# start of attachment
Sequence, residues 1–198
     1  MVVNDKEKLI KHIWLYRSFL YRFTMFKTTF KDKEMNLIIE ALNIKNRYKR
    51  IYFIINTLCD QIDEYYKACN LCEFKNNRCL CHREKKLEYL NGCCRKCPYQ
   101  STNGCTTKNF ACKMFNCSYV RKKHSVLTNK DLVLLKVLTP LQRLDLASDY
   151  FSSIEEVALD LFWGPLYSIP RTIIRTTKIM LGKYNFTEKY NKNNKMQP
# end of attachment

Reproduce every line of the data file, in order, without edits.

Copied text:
Sequence, residues 1–198
     1  MVVNDKEKLI KHIWLYRSFL YRFTMFKTTF KDKEMNLIIE ALNIKNRYKR
    51  IYFIINTLCD QIDEYYKACN LCEFKNNRCL CHREKKLEYL NGCCRKCPYQ
   101  STNGCTTKNF ACKMFNCSYV RKKHSVLTNK DLVLLKVLTP LQRLDLASDY
   151  FSSIEEVALD LFWGPLYSIP RTIIRTTKIM LGKYNFTEKY NKNNKMQP